Kathy Griffin struggled with 'painkiller' addiction and attempted to take her own life following the backlash to her 2017 photoshoot with a bloodied mask resembling then U.S. President Donald Trump.
In an interview with ABC News, the comedian chronicled how she "fell in love with" prescription pain medication, along with amphetamines and sleeping pills, while on her post-scandal Laugh Your Head Off tour.
Griffin spoke to how she tried to cope with the blow to her career, like losing her New Year's Eve hosting gig with CNN's Anderson Cooper and being banned from performing at popular comedy clubs following the controversy over the Trump shoot.
The harsh public criticism, which included "death threats" and a person who "tracked (her) sister down" while she had terminal cancer, pushed her further into addiction.
"I thought, 'Well, I don't even drink. Big deal, I take a couple pills now and again, who doesn't?'" she explained. "It was kind of the allure of, 'Oh, I can regulate my energy levels or my moods. Or I fell on my elbow in my act or something and I can be pain-free or something.' And it got out of control very rapidly."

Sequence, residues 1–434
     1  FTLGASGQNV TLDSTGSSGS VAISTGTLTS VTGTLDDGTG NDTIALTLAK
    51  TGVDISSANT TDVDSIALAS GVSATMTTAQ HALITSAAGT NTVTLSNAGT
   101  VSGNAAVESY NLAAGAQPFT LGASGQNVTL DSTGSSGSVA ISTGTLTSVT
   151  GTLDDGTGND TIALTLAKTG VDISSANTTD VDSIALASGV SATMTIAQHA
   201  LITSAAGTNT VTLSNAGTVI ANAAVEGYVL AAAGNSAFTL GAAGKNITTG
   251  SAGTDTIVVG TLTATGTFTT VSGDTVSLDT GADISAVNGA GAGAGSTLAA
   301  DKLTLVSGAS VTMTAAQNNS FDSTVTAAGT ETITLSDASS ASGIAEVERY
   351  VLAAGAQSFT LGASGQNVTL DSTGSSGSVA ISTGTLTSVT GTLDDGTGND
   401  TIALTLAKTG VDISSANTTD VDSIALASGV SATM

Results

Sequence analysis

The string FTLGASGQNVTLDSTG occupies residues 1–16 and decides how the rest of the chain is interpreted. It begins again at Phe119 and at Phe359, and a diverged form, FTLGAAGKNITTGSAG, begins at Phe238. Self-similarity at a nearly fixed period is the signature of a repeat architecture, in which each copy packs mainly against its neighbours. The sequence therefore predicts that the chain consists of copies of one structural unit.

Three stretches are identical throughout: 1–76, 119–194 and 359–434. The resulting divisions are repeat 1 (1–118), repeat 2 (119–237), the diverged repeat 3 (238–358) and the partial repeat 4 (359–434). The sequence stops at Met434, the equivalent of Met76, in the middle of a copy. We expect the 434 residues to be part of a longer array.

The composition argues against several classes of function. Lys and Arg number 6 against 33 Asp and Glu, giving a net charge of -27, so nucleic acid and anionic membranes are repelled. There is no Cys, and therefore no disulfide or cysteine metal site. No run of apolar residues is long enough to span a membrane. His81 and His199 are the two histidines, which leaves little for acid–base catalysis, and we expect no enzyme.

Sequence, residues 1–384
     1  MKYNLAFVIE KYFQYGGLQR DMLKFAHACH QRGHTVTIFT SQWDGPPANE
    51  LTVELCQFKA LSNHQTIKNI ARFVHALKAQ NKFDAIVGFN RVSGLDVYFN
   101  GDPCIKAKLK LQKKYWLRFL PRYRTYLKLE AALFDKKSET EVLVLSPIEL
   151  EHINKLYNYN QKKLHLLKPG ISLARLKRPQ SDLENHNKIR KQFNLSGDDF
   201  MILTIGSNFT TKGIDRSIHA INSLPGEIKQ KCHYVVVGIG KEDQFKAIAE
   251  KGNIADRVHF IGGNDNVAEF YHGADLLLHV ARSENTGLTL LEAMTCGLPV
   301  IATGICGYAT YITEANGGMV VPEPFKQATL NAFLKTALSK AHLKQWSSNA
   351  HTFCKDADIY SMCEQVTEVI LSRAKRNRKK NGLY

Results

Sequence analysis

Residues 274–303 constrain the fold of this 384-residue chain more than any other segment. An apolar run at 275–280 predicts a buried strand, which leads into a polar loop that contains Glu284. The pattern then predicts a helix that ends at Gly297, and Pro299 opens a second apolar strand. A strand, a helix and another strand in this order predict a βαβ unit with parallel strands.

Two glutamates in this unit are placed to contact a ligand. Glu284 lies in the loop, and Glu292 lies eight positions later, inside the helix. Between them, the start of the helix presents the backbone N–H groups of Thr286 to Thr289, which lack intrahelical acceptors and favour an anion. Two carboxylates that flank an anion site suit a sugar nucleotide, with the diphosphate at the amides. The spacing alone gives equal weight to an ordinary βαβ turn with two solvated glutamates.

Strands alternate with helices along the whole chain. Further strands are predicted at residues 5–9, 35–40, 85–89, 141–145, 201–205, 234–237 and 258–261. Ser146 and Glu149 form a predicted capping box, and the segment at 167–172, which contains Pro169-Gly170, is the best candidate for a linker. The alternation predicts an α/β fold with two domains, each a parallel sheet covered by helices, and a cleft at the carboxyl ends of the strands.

After months of struggling with her addiction, Griffin sought treatment at a local hospital following an attempt to take her own life.
She began working with a psychologist and eventually started detox, a move that was "nasty" but ultimately saved her life. The comedian, now sober, has found a "newfound appreciation for life" and "won't get involved in anything that might threaten her recovery"
The news comes a day after the Emmy Award winner tweeted that she has stage one lung cancer and was going to have an operation to remove part of her lung.
"I've got to tell you guys something," she shared on a photo Monday. "I have cancer. I'm about to go into surgery to have half of my lung removed. Yes, I have lung cancer even though I've never smoked! The doctors are very optimistic as it is stage one and contained to my left lung.
"Hopefully no chemo or radiation after this and I should have normal function with my breathing. I should be up and running around as usual in a month or less. It's been a helluva 4 years, trying to get back to work, making you guys laugh and entertaining you, but I'm gonna be just fine."